How you do go on!

I noted in a previous post the 108-word sentence with which Catherine Cuthbertson opens Rosabella; or, A Mother’s Marriage; but that effort pales beside the one she produced in summing up the fate of one of her characters in Forest Of Montalbano: a 251-word masterpiece built on a framework of one colon, three semi-colons, and three dashes.

It’s not quite up to Sydney Owenson’s astonishing closing passage for The Wild Irish Girl, nor Henry Neville’s anti-climactic conclusion to The Perplex’d Prince; but it still made me giggle.

(Spoilers, I guess.)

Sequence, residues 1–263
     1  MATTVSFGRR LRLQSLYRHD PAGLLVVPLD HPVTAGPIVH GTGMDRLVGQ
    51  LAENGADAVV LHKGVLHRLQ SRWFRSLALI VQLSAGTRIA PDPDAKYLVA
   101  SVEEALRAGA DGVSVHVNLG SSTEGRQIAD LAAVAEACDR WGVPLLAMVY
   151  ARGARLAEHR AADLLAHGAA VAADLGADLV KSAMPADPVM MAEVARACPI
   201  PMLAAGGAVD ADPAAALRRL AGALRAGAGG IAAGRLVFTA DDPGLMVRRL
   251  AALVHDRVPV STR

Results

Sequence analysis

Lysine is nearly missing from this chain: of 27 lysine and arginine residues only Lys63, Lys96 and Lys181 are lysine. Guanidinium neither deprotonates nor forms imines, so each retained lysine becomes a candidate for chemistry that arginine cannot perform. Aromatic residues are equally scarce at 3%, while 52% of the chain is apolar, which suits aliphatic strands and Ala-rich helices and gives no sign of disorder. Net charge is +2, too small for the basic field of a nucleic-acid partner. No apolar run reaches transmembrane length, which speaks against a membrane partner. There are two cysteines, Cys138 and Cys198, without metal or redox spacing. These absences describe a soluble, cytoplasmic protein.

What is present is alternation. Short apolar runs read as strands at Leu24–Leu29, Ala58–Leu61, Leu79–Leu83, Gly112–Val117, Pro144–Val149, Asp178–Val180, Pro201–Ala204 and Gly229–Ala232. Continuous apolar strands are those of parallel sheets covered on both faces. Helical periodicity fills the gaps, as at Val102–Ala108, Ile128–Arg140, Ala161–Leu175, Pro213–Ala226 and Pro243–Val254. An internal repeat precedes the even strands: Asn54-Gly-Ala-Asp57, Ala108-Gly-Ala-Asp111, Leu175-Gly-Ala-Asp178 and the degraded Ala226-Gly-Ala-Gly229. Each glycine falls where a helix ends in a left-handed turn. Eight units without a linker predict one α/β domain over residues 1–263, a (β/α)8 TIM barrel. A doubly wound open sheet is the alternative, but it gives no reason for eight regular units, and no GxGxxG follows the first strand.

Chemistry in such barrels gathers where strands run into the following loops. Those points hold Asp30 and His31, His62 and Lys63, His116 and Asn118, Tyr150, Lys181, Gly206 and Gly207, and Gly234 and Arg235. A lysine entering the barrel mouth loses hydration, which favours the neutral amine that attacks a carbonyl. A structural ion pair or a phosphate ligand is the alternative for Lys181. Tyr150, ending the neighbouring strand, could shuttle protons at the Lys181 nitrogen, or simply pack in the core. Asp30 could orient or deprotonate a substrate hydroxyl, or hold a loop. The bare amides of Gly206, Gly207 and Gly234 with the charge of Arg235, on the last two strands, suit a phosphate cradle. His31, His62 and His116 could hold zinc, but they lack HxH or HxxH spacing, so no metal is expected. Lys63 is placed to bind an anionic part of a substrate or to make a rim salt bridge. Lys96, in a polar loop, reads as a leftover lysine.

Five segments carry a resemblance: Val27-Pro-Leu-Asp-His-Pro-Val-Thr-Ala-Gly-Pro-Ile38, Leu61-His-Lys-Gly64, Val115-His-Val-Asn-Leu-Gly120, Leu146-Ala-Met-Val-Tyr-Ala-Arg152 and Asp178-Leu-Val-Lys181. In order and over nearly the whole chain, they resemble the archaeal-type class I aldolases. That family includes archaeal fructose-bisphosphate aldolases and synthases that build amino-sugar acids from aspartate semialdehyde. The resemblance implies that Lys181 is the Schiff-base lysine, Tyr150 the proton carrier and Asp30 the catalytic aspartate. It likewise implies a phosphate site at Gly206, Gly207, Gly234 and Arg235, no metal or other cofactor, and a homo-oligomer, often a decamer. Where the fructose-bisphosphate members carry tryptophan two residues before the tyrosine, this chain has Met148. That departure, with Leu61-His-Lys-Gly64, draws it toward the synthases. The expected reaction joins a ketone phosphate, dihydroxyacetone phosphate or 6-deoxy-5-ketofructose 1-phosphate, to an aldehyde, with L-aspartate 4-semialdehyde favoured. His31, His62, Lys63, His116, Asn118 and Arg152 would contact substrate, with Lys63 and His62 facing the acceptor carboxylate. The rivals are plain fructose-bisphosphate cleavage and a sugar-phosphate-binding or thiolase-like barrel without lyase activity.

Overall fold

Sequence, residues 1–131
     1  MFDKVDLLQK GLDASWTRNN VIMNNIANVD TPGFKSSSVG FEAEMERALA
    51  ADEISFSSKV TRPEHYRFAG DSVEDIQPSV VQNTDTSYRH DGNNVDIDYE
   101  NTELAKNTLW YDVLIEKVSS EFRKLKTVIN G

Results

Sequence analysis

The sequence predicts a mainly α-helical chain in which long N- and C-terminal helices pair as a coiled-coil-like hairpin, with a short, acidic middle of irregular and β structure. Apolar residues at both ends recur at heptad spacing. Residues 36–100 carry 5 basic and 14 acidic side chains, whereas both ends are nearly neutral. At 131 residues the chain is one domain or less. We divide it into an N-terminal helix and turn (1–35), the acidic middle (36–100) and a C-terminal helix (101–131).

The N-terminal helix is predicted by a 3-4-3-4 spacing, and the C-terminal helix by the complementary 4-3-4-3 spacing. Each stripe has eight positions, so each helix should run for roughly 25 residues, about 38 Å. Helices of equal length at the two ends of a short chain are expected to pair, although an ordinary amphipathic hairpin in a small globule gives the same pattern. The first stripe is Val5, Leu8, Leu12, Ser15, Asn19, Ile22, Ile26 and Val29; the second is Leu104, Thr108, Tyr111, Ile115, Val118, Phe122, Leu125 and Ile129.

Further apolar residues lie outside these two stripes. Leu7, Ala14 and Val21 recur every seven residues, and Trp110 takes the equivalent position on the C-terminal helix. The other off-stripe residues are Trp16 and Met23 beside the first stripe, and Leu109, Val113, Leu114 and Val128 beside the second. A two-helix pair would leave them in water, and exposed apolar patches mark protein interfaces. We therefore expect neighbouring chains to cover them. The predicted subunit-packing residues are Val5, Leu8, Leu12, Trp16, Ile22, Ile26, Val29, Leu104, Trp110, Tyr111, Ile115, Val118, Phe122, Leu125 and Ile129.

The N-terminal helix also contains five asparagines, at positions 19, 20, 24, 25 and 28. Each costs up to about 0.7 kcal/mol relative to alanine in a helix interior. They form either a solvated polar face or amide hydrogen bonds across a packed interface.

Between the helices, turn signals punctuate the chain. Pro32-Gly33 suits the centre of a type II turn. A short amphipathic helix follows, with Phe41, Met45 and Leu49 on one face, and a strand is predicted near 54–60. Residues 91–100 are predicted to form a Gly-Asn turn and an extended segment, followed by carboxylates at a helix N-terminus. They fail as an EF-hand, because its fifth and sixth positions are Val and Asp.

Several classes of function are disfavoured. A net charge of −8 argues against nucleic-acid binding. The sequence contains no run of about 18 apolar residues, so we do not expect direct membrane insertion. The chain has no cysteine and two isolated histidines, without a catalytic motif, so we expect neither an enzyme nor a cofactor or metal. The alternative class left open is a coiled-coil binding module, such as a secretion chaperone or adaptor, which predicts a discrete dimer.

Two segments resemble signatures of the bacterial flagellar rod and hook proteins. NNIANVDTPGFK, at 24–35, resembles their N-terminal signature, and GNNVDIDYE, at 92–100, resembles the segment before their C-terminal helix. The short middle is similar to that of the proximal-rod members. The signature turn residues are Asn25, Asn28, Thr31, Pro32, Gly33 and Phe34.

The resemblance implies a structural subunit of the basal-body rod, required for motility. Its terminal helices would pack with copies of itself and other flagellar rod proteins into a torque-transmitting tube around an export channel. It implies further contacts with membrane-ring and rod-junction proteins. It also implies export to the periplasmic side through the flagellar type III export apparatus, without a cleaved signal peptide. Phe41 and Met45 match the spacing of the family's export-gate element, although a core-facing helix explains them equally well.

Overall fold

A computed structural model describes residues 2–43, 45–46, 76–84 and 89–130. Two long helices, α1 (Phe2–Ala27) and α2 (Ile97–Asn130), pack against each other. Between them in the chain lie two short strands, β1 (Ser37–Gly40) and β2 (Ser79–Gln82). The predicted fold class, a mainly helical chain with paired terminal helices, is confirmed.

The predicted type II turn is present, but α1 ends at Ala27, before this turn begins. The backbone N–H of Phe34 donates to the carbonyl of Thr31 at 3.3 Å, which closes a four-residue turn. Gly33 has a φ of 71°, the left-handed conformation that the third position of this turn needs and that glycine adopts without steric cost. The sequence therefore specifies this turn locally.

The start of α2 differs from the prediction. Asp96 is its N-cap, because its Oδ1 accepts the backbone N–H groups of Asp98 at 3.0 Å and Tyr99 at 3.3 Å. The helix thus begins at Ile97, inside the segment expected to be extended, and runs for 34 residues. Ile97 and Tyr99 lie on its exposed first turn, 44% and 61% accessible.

The refinements, the accomplishments, the allurements of his son, once the pride of his toils—the basis of expectation’s aggrandisement—now debased and sacrificed at the shrine of dissipated folly; the honour of his family for ever tainted by the infamy of so many individuals of it, and from the virtues of his own conduct deriving no consolation; Lorenzago wandered from spot to spot of the habitable globe, a miserable man: sometimes in the bustle of cities, sometimes in the shade of the most secluded retirement, striving to amend his life, but oftener plunging into the vortex of dissipation’s Lethe, endeavouring to lose the poignancy of the stings his sensitive pride and ambition smarted from, or in vain to vanquish the deep and everlasting anguish of that passion he had, by the retribution of Heaven, imbibed for her whose ruthless assassination he would not have shrunk from prior to the moment in which his speculating interest led him to commence her friend and champion—a speculation caused by his powerful penetration having led him to develop through a discovery he had made of the embryo treason, that the agent of it, the pretended merchant Mahmoud, was the Conte Nicastro; and that the Duca di Montalbano was yet in existence, and his imprisonment caused and continued by this very Conte Nicastro, whom he began to mine for ensnaring into his toils, at the same moment he commenced his plans for uniting the heiress of the existing Theodore di Montalbano to his son.

 

 

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